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Fairy Tales from Brazil by Elsie Spicer Eells

FAIRY TALES FROM BRAZIL

How and Why Tales from Brazilian Folk-Lore

by

ELSIE SPICER EELLS

With Illustrations by Helen M. Barton

This special edition is published by arrangement with the publisher of the regular edition, Dodd, Mead & Company.

Cadmus Books E. M. Hale and Company Chicago

Copyright, 1917, by Dodd, Mead and Company, Inc.

ACKNOWLEDGMENT

Thanks are due to the publishers of _Little Folks_, _Kindergarten-Primary Magazine_, _Everyland_, _Mayflower and Story Tellers' Magazine_ for the privilege of reprinting stories which they have published.

ELSIE SPICER EELLS

* * * * *

PREFACE

It is late afternoon in my Brazilian garden. The dazzling blue of sea and sky which characterises a tropical noonday has become subdued and already roseate tints are beginning to prepare the glory of the sunset hour. A lizard crawls lazily up the whitewashed wall. The song of the _sabia_, that wonderful Brazilian thrush, sounds from the royal palm tree. The air is heavy with the perfume of the orange blossom. There is no long twilight in the tropics. Night will leap down suddenly upon my Brazilian garden from out of the glory of the sunset sky.

Theresa, the _ama_, stands before us on the terrace under the mango trees, and we, her _yayazinhas_ and _yoyozinhos_, know that the story hour has come. Theresa, daughter of the mud huts under the palm trees, _ama_ in the _sobrado_ of the foreign _senhora_, is a royal queen of story land. For her the beasts break silence and talk like humans. For her all the magic wonders of her tales stand forth as living truth. Her lithe body sways backwards and forwards to the rhythm of her words as she unfolds her tales to us. She is a picture to remember as she stands under the mango trees on our terrace. Her spotless white "_camiza_" is decorated with beautiful pillow lace, her own handiwork. Her skirt of stiffly starched cotton is red and purple in colour. A crimson flowered folded shawl hangs over her right shoulder and great strings of beads ornament the ebony of her neck and arms. To sit at the feet of Theresa, the _ama_, is to enter the gate of story land.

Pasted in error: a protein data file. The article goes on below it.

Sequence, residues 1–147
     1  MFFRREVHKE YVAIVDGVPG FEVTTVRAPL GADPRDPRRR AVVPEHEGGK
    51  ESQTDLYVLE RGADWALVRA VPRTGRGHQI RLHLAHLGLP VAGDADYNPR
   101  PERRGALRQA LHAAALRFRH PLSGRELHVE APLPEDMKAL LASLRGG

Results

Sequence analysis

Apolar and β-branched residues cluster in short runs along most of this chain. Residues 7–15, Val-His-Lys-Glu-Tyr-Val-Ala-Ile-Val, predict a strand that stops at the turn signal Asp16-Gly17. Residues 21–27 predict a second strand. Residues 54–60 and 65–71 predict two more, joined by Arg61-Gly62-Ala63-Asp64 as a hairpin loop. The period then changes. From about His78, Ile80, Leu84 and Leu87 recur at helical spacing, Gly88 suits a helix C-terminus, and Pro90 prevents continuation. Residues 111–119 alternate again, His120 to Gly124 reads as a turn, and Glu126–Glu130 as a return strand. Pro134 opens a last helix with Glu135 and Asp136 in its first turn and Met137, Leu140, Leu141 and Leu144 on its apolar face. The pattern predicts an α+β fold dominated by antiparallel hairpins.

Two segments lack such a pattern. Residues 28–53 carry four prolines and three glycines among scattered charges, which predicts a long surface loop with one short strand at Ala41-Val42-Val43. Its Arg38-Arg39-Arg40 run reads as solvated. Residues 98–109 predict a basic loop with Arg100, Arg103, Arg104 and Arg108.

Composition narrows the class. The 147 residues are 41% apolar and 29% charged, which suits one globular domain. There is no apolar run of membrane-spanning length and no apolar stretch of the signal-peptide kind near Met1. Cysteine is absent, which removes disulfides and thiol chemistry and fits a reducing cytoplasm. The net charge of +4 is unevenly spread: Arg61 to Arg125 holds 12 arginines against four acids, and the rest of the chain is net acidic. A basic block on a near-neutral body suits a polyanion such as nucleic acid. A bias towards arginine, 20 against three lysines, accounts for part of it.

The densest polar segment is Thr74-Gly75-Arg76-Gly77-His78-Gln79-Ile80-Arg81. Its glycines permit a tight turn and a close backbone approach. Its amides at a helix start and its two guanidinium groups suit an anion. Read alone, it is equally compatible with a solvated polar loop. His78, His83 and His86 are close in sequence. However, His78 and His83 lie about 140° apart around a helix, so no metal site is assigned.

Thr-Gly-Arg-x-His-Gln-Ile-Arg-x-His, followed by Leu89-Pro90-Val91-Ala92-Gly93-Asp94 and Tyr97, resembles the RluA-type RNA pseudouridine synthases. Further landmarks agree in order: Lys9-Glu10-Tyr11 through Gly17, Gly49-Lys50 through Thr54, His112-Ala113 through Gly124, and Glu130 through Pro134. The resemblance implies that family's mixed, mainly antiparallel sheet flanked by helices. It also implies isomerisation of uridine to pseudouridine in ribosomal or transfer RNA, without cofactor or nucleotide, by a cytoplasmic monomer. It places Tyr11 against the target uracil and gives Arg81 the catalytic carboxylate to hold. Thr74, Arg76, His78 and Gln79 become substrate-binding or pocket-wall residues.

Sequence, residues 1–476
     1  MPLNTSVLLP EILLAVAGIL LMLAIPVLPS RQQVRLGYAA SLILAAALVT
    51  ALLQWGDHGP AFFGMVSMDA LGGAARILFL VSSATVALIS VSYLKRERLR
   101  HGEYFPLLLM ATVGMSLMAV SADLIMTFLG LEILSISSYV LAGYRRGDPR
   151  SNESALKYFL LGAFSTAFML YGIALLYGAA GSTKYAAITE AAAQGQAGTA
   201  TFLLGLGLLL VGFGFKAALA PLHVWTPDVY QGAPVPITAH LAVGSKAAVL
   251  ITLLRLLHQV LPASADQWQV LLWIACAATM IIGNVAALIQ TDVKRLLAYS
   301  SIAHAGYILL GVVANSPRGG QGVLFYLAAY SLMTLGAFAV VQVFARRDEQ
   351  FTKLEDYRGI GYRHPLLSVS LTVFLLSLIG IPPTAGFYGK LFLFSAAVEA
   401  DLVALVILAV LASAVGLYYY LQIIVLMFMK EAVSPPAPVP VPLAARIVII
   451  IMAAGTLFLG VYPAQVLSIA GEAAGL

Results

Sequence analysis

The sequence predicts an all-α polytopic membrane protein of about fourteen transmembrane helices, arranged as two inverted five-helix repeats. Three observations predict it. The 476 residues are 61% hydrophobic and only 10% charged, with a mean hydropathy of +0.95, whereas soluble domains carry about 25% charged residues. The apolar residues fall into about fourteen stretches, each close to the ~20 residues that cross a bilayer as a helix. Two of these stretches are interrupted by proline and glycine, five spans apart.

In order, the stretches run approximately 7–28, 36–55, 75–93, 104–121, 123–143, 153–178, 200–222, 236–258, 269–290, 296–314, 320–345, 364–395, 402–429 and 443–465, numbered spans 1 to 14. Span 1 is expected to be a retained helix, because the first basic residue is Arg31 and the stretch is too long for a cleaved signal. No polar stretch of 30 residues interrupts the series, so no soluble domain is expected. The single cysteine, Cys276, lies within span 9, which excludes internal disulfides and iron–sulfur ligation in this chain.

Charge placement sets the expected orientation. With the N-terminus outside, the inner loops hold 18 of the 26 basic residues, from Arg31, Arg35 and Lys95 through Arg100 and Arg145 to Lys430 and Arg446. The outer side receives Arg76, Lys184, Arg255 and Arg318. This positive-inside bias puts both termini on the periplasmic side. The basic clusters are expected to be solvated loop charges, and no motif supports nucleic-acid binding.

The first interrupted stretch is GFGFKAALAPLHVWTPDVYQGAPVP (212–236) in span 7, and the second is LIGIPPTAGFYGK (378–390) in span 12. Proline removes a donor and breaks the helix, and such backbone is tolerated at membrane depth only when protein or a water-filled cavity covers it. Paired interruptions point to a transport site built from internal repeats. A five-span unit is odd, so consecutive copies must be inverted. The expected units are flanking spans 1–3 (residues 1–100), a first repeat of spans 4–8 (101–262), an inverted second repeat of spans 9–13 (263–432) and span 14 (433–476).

CONTENTS

PREFACE

I. HOW NIGHT CAME

II. HOW THE RABBIT LOST HIS TAIL

III. HOW THE TOAD GOT HIS BRUISES

IV. HOW THE TIGER GOT HIS STRIPES

V. WHY THE LAMB IS MEEK

VI. WHY THE TIGER AND THE STAG FEAR EACH OTHER

VII. HOW THE SPECKLED HEN GOT HER SPECKLES

VIII. HOW THE MONKEY BECAME A TRICKSTER

IX. HOW THE MONKEY AND THE GOAT EARNED THEIR REPUTATIONS

X. HOW THE MONKEY GOT A DRINK WHEN HE WAS THIRSTY

XI. HOW THE MONKEY GOT FOOD WHEN HE WAS HUNGRY


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